I may have a different take on this than the two of you, as I have been through Gibraltar a few times on fast ships. It is one of the busier straits in the world and there is one dog-leg turn, not to mention the ferries that cross back and forth constantly. There tends to be a lot of fishing traffic near both approaches particularly due west of Tarifa and out quite a ways. With that in mind, in a sailboat, I would most likely stay clear of the TSS, but hug the lane edge as close as practicable (one of our favorite words on this thread!) and in the general direction of the adjoining lane (ie, Morocco side when eastbound, Tarifa side when westbound). In short, there is plenty going on with the big guys in the lanes that the last thing I would want to do is go weaving through there at a lazy 5 or 6 knots. Call it a "professional courtesy" if you want, but I would much rather deal with the fishing boats.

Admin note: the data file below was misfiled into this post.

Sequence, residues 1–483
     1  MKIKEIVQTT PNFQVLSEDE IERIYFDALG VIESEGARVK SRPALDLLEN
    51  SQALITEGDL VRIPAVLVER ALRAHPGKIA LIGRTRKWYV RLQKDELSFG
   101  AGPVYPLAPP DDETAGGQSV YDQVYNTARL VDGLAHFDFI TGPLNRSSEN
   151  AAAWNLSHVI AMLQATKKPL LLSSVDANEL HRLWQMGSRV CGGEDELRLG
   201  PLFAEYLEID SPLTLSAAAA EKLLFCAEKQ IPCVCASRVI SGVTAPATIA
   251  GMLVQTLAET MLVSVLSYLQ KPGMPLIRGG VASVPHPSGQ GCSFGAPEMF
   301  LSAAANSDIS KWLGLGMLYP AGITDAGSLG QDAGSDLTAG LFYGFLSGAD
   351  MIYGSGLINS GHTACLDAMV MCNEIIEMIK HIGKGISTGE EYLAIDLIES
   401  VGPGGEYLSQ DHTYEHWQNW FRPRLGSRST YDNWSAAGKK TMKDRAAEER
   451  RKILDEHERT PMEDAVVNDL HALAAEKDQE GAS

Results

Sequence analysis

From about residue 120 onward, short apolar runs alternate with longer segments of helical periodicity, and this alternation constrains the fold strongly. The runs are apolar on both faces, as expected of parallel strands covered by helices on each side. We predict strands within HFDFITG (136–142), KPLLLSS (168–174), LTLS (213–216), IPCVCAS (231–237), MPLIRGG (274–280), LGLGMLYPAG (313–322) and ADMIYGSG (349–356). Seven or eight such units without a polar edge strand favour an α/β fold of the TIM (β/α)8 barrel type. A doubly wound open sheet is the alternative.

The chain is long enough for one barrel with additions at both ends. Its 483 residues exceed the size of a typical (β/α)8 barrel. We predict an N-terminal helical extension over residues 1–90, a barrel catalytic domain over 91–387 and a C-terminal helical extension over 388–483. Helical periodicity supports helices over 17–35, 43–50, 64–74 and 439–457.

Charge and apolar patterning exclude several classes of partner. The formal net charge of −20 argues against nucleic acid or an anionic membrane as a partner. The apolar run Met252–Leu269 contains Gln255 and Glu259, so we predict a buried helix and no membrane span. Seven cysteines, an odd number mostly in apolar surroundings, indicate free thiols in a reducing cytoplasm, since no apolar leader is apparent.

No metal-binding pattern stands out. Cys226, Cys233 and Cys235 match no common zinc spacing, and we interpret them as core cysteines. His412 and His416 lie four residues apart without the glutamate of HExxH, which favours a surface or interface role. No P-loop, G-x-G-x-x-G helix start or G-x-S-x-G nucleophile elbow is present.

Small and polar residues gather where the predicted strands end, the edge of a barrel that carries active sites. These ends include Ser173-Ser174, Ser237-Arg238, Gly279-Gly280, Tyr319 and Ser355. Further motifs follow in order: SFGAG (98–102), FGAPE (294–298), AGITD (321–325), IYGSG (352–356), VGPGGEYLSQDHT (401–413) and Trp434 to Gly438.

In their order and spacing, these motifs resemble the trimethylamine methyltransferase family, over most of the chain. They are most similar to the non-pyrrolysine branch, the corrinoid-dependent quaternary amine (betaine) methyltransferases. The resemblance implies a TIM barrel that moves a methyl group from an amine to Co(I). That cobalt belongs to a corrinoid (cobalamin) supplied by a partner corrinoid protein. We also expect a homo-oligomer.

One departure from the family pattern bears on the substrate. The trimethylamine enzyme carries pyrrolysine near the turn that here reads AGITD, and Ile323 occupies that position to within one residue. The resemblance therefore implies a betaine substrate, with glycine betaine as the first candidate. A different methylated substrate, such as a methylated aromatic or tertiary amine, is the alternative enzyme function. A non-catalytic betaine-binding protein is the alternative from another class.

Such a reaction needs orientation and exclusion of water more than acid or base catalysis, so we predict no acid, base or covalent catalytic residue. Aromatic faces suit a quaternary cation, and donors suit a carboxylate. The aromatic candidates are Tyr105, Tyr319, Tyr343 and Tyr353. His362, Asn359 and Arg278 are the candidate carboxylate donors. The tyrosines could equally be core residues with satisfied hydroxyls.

Granted, I'm speaking from a pure traffic standpoint. I can't recall what each shoreline there is like (Tarifa side is deeper/less foul, but closer to the TSS I think?), nor can I speak for any of the other law-enforcement issues that Pelagic brought up.
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Old 17-06-2010, 20:50   #231